The Cream of the Jest immediately follows three earlier comedies set in the Virginia of his youth: The Eagle’s Shadow, The Cords of Vanity, and The Rivet in Grandfather’s Neck. Of these, the first is a fairly standard romantic comedy, the second is a dark comedy of egoism and betrayal, and the last is a masterwork focusing on the waning culture of Southern honor anchored in a sad “comedy of limitations” (to quote the subtitle). Only The Rivet holds up as a complete literary success. There were also several volumes of short stories, and a non-fantastic medieval romance, The Soul of Melicent (later retitled Domnei.)

But The Cream of the Jest transcends all that preceded it. With this work, the author finally “finds his voice.” Truth is, he always had his voice. What he had not developed until The Cream was a way to unite his philosophical interests with his love of literary japery and a wholly successful and absorbing tale.

Of course, opinions vary. Many readers complain that nothing of substance happens in The Cream of the Jest. And this is true if “of substance” means sword fights and lawsuits and such: the “action” is mostly dream, and, even when set in the humdrum of automobiles, face cream factories, and politicians, almost all interior.

One of the great turning points in the story is in Chapter 27 (Book Fourth: V in the early editions), “Evolution of a Vestryman.” Here Felix Kennaston, our hero, becomes a Christian, and a leader in his local Episcopalian church. It reads like a comedy. Indeed, it reads like a parody of C. S. Lewis’s Surprised by Joy. But it came first, and one wonders whether Lewis might not have read the tale in disgust, and later, by cryptomnesia, took the half-remembered Cabellian argument to heart and became a Christian himself. Lewis was 25 when the book hit British libraries and bookstores.

I do know that Lewis hated Cabell. Cabell was so modernist compared to Lewis. Cabell the ironist could hardly please Lewis’s dogmatic earnestness. And yet Cabell himself had entered the fold of his Richmond, Virginia, Episcopalian Church, and become a member in good standing. He was more than half-earnest, himself, in this crucial chapter. Later, in other works, he defended Maundy Thursday and its Anglican rites, as being based on legends that might “possibly be true.” (Lewis became a member of the Anglican Church, churning to the top the cream of the jest: Lewis and Cabell were co-communicants.)

The ambiguities here as elsewhere set Cabell against the tide of rabid secularism. And yet his own comedies do more than merely suggest a caustic irony. What is going on here?

Cabell understood the hollowness, in fact, of the ancient traditions. But he also asserted that they were beautiful. Whether true or not, he had no intention of throwing the old ways completely aside. He was a post-modernist traditionalist conservative who was also a liberal doubter. But let us retain our bearings. What he doubted most was the advisability of a full embrace of modernity’s ongoing nihilism project.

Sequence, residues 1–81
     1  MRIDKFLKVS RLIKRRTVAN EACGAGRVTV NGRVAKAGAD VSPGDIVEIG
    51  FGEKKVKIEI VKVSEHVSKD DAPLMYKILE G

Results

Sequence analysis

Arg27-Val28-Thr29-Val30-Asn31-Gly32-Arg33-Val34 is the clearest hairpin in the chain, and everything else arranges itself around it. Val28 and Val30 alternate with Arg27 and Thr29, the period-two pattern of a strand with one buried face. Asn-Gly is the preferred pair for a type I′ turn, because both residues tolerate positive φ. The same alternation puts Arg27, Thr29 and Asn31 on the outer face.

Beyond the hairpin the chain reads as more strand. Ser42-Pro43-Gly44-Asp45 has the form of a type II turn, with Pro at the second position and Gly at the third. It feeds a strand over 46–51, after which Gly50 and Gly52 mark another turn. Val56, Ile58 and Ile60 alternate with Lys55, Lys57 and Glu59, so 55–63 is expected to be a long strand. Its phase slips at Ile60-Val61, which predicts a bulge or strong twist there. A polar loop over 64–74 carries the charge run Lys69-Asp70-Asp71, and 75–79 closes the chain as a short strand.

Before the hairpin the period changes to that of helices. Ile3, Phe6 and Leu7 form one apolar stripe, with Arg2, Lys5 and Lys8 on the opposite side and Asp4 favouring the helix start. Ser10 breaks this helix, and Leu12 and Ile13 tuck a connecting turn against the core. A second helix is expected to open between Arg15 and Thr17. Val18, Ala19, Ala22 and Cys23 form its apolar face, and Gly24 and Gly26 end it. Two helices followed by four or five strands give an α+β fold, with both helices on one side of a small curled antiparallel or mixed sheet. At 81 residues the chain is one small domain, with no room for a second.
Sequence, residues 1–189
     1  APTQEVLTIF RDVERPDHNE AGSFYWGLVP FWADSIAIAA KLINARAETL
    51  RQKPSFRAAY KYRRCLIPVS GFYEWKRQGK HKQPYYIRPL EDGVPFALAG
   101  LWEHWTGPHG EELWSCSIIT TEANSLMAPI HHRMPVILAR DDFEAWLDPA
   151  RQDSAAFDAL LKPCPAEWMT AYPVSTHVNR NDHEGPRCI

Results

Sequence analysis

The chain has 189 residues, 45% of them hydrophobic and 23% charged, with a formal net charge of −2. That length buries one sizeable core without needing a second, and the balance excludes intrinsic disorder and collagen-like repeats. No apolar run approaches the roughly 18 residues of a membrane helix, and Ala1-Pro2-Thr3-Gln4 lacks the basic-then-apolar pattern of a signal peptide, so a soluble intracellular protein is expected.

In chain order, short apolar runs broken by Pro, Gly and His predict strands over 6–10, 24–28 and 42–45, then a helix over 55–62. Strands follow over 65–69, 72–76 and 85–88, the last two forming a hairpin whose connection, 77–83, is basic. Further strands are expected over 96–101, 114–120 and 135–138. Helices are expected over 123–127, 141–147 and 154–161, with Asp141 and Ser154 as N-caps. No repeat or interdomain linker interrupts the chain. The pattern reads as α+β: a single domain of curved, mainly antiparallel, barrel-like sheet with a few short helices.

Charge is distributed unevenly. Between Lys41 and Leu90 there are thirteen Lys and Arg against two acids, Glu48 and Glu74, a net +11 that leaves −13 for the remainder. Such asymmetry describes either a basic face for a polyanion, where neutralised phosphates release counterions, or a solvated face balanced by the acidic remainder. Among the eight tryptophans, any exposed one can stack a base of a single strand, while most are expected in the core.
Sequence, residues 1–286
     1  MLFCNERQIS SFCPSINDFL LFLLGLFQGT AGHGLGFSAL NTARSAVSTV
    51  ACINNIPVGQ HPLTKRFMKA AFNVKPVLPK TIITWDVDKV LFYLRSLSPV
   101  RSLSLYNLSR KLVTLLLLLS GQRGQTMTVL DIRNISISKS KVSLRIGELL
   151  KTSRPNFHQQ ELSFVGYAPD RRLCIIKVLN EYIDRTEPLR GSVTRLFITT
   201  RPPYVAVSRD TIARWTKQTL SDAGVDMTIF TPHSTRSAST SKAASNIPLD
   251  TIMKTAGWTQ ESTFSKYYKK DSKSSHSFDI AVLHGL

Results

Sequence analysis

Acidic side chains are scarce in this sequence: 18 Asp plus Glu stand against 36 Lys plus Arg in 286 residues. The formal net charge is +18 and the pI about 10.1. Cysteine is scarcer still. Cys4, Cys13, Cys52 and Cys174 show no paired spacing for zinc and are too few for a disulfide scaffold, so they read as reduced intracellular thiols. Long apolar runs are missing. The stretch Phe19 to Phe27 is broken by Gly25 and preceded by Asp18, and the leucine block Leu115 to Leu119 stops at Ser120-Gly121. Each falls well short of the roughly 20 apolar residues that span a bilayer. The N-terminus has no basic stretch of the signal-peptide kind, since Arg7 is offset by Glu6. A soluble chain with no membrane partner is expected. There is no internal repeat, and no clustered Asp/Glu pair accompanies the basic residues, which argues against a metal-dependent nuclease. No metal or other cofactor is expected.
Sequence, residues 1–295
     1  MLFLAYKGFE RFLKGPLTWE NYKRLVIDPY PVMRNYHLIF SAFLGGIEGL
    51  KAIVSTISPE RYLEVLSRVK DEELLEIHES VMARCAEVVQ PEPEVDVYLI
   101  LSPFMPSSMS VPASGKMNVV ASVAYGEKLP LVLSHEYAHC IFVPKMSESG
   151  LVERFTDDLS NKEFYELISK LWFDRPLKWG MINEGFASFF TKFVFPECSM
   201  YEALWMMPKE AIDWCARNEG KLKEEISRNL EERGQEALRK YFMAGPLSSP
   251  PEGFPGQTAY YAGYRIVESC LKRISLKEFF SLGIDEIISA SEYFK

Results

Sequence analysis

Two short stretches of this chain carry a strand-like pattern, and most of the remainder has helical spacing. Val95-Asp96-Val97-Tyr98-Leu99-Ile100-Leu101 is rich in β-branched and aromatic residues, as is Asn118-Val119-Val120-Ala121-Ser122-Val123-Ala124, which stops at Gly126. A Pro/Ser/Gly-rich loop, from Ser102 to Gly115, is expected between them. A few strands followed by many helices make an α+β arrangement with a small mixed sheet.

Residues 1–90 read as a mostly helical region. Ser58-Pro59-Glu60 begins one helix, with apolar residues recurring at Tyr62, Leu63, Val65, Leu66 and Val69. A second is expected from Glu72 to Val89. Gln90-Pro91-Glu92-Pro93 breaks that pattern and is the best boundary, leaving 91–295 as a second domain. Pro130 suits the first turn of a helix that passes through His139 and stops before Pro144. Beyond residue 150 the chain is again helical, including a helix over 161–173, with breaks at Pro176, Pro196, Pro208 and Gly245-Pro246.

Cabell lived his life as if tradition were worthwhile enough to preserve, if not embrace without a wink. And he wrote his fictions as if in full dialogue with the past. Indeed, that is what The Cream of the Jest really is: a philosophical dialogue with the past and its charms, while seriously acknowledging their tendency to disappear when attempted to be grasped. Just as his hero Kennaston wakes up from his dream whenever he attempts to touch his dream woman, Ettarre.

In The Cream of the Jest, we witness not the revelation of a special American Dream, but the reality of Dreams Universal. Which is American enough for me.

The year 1917 sports a few more prominent literary centenaries, the most important being the publication of T. S. Eliot’s Prufrock, and Other Observations. (Eliot was also a co-communicant of Lewis and Cabell.) It is also the year that popular fiction made an important step into the future, with Edgar Rice Burroughs’s A Princess of Mars. J. R. R. Tolkien began work on what eventually became The Silmarillon; Christopher Morley produced Parnassus on Wheels; and Norman Douglass published South Wind.

A century earlier, establishing bicentennial possibilities, Jane Austen’s Persuasion and Northanger Abbey saw posthumous success; Walter Scott’s Rob Roy hit presses on both sides of the Atlantic; and Thomas Love Peacock’s delightful Melincourt debuted.

But these are very different stories.

My story? This year I celebrate

  • my Finnish heritage, with the centenary of the birth of independent Finland;
  • my family history, with what would have been my father’s hundredth birthday, had he not died four years ago; and, perhaps most of all,
  • the centenary of the publication of The Cream of the Jest, which I read at age 17 . . .

the one novel that seriously treats personal love and cultural literacy as a romance that, while inevitably comic, even the most cynical dismiss at their peril.


One of the fundamental errors of today’s socio-political thought can be summed in one simple equation, an equation quite without validity:

Diversity = Equality

Diversity does not even imply equality; it contra-indicates it.

But that identity is the foundational notion of pomo morality and “identity politics.” Only a highly nuanced analysis of the diverse things (or persons) themselves, and the diverse standards that might apply to them, would find an important connection between the two concepts. But the connection would be an identity only as a “term of art.”

But it is not highly nuanced thought that we are given. We witness, instead, relentless and hysterical assertion after assertion of the dubious identity. The notion that Diversity is Equality is the dogma of the day.